There are tons of productivity bloggers and YouTube-ers out there that do a great job. I will surely be linking to and referencing many of my favorites. I’m not going to pretend that I am adding anything new to all the great productivity content . However, I am sharing what has been most relevant to me. By taking the time to explain my process hopefully I can further clarify to myself what I am doing and why I am doing it.

I think it is helpful to observe how other people manage their own productivity. It is healthy to see how other people work effectively. You will almost never find the answer by merely copying what somebody else does. You need to make it work for you.

Our systems are only as good as the time we dedicate to them. Ideally we are trying to find a way to manage everything in as little time as possible. But you will have to dedicate time. Most people fail because they let the system sit for too long and it becomes irrelevant.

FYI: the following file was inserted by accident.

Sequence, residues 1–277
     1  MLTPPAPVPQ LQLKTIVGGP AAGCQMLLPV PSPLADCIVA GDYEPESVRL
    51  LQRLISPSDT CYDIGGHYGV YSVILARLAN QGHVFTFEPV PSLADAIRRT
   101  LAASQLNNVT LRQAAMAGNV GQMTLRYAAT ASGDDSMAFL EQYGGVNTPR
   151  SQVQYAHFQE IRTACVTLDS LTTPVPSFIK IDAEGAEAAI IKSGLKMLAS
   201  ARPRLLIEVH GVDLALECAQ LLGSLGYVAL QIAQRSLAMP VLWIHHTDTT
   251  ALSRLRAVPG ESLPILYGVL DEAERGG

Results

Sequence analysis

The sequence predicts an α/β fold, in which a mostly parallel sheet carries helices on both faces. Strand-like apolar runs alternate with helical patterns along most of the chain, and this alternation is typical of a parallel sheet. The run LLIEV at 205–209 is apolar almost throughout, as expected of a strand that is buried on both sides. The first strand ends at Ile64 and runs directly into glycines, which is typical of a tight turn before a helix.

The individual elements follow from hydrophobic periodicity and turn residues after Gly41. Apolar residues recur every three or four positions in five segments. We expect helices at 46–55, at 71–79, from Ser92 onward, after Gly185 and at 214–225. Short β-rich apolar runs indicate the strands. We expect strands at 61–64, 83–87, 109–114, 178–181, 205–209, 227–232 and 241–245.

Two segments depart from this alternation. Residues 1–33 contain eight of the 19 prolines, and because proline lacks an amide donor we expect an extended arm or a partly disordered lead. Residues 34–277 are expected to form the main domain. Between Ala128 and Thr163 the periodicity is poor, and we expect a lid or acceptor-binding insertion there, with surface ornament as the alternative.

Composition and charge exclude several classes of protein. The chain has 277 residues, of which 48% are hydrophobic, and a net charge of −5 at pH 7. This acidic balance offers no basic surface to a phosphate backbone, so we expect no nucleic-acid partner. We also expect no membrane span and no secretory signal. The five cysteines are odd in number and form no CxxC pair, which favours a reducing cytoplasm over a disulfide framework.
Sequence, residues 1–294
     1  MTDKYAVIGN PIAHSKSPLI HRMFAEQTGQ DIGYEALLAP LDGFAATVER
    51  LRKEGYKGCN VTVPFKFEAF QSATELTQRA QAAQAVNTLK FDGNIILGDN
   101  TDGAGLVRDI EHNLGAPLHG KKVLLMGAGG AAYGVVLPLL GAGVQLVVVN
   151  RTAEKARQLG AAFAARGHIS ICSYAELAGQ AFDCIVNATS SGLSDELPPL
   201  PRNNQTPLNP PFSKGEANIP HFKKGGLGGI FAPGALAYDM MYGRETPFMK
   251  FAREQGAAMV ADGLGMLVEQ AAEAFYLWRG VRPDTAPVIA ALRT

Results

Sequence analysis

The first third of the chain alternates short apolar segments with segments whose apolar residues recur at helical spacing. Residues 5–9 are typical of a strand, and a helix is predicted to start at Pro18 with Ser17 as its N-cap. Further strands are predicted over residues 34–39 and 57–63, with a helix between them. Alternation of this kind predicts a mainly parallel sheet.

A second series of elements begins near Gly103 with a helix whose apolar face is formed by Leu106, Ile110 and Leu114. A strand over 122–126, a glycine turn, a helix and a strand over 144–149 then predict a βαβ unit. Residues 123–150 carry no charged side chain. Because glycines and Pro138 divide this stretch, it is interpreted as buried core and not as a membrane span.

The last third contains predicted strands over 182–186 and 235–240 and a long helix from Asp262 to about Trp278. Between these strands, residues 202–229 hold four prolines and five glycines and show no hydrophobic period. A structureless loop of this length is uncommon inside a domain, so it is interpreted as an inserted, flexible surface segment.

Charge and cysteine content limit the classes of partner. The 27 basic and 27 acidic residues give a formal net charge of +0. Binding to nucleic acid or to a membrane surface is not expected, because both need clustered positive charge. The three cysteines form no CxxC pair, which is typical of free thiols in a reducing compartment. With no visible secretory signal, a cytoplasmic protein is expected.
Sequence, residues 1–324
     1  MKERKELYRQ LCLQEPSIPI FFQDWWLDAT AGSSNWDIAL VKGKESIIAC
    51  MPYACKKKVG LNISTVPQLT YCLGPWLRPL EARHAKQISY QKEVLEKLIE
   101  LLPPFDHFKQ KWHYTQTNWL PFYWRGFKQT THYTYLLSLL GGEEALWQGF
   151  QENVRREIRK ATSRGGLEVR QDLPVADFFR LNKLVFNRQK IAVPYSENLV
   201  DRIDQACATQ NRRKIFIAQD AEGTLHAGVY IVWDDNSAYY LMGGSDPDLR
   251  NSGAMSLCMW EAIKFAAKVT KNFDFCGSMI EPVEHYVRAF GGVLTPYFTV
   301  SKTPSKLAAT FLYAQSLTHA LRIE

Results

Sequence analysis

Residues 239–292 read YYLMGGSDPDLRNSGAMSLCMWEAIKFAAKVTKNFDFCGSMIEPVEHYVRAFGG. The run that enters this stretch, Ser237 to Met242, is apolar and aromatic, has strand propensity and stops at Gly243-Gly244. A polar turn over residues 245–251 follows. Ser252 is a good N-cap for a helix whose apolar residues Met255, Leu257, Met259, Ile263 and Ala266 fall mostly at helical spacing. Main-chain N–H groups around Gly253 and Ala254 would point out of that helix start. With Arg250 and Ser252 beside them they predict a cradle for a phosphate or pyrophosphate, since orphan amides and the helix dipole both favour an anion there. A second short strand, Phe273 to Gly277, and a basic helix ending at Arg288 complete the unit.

All of those tasks become a massive amount of work to go through, so we never do. Eventually we will get motivated and try starting with something new…. Rinse and repeat.

This is how I currently am with email. I still haven’t found something that Is helpful and easy to stick with.

I have felt better about my note taking systems, but there is still friction I want to work through. I am on the verge of trying some new apps[1], but before I do that I want to make sure I have clarity about what I need.

Whenever I step out of my cozy app system I get overwhelmed by how many tools are out there. With note-taking in particular, new apps are popping up all of the time. Notion & Roam Research look to be strong contenders that are new on the scene.

Join me as I try to make my productivity system seem coherent. Maybe you will be exposed to a new idea or app that will help you out.


  1. Or returning to my old friend Evernote!  ↩